Semiotics of Sounds Evoking Motions: Categorization and Acoustic Features

  • Adrien Merer
  • Sølvi Ystad
  • Richard Kronland-Martinet
  • Mitsuko Aramaki
Part of the Lecture Notes in Computer Science book series (LNCS, volume 4969)


The current study is part of a larger project aiming at offering intuitive mappings of control parameters piloting synthesis models by semantic descriptions of sounds, i.e. simple verbal labels related to various feelings, emotions, gestures or motions. Hence, this work is directly related to the general problem of semiotics of sounds. We here put a special interest in sounds evoking different perceived motions. In this paper, the experimental design of the listening tests is described and the results obtained from behavioural data are discussed. Then a set of signal descriptors is compared to categories using feature selection methods. A special interest is given to applications for sound synthesis.


sound semiotics motion categorization sound synthesis 


Unable to display preview. Download preview PDF.

Unable to display preview. Download preview PDF.


  1. 1.
    Aramaki, M., Bailleres, H., Brancheriau, L., Kronland-Martinet, R., Ystad, S.: Sound Quality Assessment of Wood for Xylophone Bars. Journal of the Acoustical Society of America 121(4), 2407–2420 (2007)CrossRefGoogle Scholar
  2. 2.
    Bigand, E.: Multidimensional scaling of emotional responses to music: The effect of musical expertise and of the duration of the excerpts. Cognition and emotion 19(8), 1113–1139 (2005)CrossRefGoogle Scholar
  3. 3.
    Blum, A., Langley, P.: Selection of Relevant Features and Examples in Machine Learning. Artificial Intelligence 97(1-2), 245–271 (1997)MATHCrossRefMathSciNetGoogle Scholar
  4. 4.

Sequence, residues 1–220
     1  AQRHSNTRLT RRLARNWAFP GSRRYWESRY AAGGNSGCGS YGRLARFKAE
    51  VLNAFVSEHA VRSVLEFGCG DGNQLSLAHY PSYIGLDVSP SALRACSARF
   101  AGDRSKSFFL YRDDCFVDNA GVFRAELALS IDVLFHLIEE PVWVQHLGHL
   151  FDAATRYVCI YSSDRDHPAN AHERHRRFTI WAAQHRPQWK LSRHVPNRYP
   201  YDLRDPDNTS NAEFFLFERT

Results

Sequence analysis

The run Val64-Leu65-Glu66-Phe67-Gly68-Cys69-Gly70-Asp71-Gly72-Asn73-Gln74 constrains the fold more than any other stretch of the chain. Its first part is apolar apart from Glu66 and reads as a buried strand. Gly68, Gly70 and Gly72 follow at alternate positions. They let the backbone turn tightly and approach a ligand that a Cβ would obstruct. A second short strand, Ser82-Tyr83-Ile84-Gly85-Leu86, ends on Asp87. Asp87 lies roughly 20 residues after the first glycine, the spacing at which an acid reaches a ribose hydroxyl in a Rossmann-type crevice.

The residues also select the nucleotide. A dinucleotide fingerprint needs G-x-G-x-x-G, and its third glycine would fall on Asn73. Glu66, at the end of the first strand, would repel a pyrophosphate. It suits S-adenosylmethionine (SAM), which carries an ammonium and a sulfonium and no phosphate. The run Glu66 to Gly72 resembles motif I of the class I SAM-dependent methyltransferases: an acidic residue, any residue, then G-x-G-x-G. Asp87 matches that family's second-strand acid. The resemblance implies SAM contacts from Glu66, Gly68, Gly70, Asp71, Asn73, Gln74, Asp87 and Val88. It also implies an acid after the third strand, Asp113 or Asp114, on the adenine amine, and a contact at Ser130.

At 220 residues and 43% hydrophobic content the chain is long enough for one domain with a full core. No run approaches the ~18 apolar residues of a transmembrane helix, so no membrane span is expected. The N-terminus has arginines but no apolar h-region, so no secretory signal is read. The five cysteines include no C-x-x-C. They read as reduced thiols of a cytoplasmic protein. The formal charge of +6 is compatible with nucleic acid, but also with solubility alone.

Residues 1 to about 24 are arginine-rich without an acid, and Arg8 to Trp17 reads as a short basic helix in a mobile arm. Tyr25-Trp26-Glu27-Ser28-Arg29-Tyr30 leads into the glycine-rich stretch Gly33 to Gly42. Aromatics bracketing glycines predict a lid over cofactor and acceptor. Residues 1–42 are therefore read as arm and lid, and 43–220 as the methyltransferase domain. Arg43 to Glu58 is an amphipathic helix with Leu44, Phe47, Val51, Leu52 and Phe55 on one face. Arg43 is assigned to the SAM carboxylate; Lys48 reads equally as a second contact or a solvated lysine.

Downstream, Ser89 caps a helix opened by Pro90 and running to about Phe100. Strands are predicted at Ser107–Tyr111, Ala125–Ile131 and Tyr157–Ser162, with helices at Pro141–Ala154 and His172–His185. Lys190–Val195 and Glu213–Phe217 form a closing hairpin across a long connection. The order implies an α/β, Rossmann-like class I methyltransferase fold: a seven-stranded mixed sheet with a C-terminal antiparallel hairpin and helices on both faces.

Defreville, P., Roy, B., Pachet, F.: Automatic Recognition of Urban Sound Sources. In: Proceedings of the 120th AES Conference (2006)Google Scholar
  5. 5.
    Eitan, Z., Granot, R.Y.: How music moves: Musical parameters and listeners’ images of motion. Music perception 23(3), 221–247 (2006)CrossRefGoogle Scholar
  6. 6.
    Gaver, W.W.: What in the world do we hear? An ecological approach to auditory event perception. Ecological Psychology 5(1), 1–29 (1993)CrossRefMathSciNetGoogle Scholar
  7. 7.
    Gibson, J.J.: The ecological approach to visual perception. Houghton Mifflin, Boston (1979)Google Scholar
  8. 8.
    Grey, J.M., Gordon, J.W.: Perceptual effects of spectral modifications on musical timbres. The Journal of the Acoustical Society of America 63(5), 1493–1500 (1978)CrossRefGoogle Scholar
  9. 9.
    Guastavino, C.: Categorization of environmental sounds. Canadian Journal of Experimental Psychology 61(1), 54–63 (2007)Google Scholar
  10. 10.
    Guyon, I., Elisseeff, A.: An introduction to variable and feature selection. Journal of Machine Learning Research 3, 1157–1182 (2003)MATHCrossRefGoogle Scholar
  11. 11.
    Hall, M.: Correlation-based feature selection of discrete and numeric class machine learning. In: Proceedings of the International Conference on Machine Learning, pp. 359–366. Morgan Kaufmann Publishers, San Francisco (2000)Google Scholar